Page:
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All-State basketball 2021: Little River’s Jayden Garrison had game that translates to any level



TOPEKA, Kan. – When it comes to naming which sport is his favorite, Jayden Garrison doesn’t hesitate too long in picking basketball.

Not a huge surprise. A four-year starter for Little River during his career, Garrison has more than made a name for himself on the hardwood, earning All-Class 1A honors three straight years and a spot on this year’s 2021 Topeka Capital-Journal All-State Top 5 team.

But almost in the same breath he deems basketball his sport of choice, Garrison readily admits, “I like them all.”

“I was always a gamer, just loved any sport I could play,” Garrison said. “I always had a ball in my hands, always was playing something. That’s just what I did.”

The multi-sport standout actually began his high school career a bit out of character. For his first two years at Little River, Garrison opted not to play football to concentrate on honing his basketball skills.

He made the most of that dedication, turning into not only one of the top players at the Class 1A level, but also in the state.

Garrison finished his career with 2,082 points, averaging a career-best 24.4 points per game this season in leading Little River to the Class 1A Division I state semifinals.

“I’ve coached at 5A and 6A schools in Kansas for quite awhile and I can’t say I’ve been around a better offensive player as far as his skills go,” said Little River coach Wayne Morrow, who coached Garrison the past two years. “He can play at any level and he’s a true competitor who hates to lose. He’ll do anything he can to make himself better.”

But getting back on the gridiron pulled at his heartstrings and when Kevin Ayers took over the Little River program in 2019, Garrison decided to play again.

It turned out to be a huge for both he and the Redskins. Little River went 9-3 during Garrison’s junior season before going 11-2 this fall, capturing the Eight-Man Division I state championship with a wild 70-58 win over Leoti in the state championship game.

“Coach Ayers came in and said, ‘It’s a small town and all the athletes need to be out for every sport if you want to be good,’” said Garrison, who ran for 200 yards and four touchdowns in the title game and finished the season with 2,400 yards of total offense and 50 touchdowns. “So he talked me into coming out and man am I glad I did. I had no idea I’d have that kind of impact on the football field. It’s definitely something I’ll never forget.”

Garrison was hoping to go out on top in basketball as well, but came up just short in that pursuit. After helping Little River end a 20-year state drought a year ago when the Redskins reached the state semifinals before having the state tournament canceled for COVID-19 concerns, Little River made it back to the state semifinals this season.

But the Redskins ran into an Olpe team that got hot and rode the momentum to the state title, suffering a 75-66 semifinal loss in a game where Garrison scored 28 points.

“Getting over the hump and winning the sub-state championship last year was big,” Garrison said. “Making it to state and then it getting shut down was horrible because we felt we had a pretty good chance of winning it. This year was also a great experience, getting back to the final four. We came up short and it wasn’t our day and Olpe just played really well.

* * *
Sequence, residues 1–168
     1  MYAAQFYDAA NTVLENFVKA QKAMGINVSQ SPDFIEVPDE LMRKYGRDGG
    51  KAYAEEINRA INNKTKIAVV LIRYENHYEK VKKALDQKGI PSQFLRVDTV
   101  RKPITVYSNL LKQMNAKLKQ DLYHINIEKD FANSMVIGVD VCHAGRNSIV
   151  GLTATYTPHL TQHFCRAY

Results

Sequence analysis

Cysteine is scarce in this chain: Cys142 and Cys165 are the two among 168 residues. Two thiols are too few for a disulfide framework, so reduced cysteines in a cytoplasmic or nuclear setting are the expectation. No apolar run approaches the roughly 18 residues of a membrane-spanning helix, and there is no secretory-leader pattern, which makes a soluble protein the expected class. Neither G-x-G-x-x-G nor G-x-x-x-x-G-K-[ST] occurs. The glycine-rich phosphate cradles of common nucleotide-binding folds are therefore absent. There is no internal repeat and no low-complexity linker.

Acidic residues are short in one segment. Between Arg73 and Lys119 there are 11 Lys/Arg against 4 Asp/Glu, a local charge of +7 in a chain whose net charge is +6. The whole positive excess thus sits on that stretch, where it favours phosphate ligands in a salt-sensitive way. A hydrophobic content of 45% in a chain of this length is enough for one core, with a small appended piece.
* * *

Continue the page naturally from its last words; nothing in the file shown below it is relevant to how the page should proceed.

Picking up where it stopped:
“The four years this senior group put together just kind of got Little River back on the map. It was a great experience for us all and for the community.”

A pitcher and second baseman for the Little River baseball team, Garrison is ready to try and lead the Redskins to a state title this spring before turning his attention back to basketball in college.

But no matter how the spring ends up, Garrison said he couldn’t have dreamed up a much better high school career.

“It’s been awesome,” he said. “Obviously I’ve had a lot of success, but I’ve also had a lot of great teammates and coaches who played a big part of that. I put a lot of work in over the summers and was fortunate my parents could afford for me to play travel ball so they get a lot of credit, too.”

Meet the rest of the 2021 Topeka Capital-Journal All-State Top 5 team

Garrison’s company on this year’s All-State Top 5 team are big-school stars who also have been program-changing impact players.

Campus senior Sterling Chapman is the only repeat selection from last year’s Top 5, earning All-State honors for the second straight year. He led the Colts to the Class 6A state championship game and a 21-3 overall record after Campus went 23-0 and reached the 6A Forever Four last season, averaging 18.8 points and 12 rebounds per game as a senior.

Lawrence senior Zeke Mayo and Blue Valley Northwest senior Alston Mason were two of the most dynamic scorers in Class 6A, each averaging better then 21 points per game.

Mayo and his Lion teammates denied Mason and the Huskies a third straight 6A state title, knocking them out in the state quarterfinals before Lawrence fell in the semifinals despite a 41-point performance from Mayo, including 29 in the fourth quarter.

Miege’s Mark Mitchell is the lone state champion on the All-State Top 5, leading Miege to a dominating showing in capturing the Class 4A state crown. One of the top juniors in the nation, Mitchell averaged 18.1 points per game this season after topping 20 points per game as a sophomore.

The 2021 Boys State Coach of the year is Hillsboro’s Darrel Knoll, who won his fourth state championship of his career — and first in 23 years — when the Trojans captured the Class 2A state crown.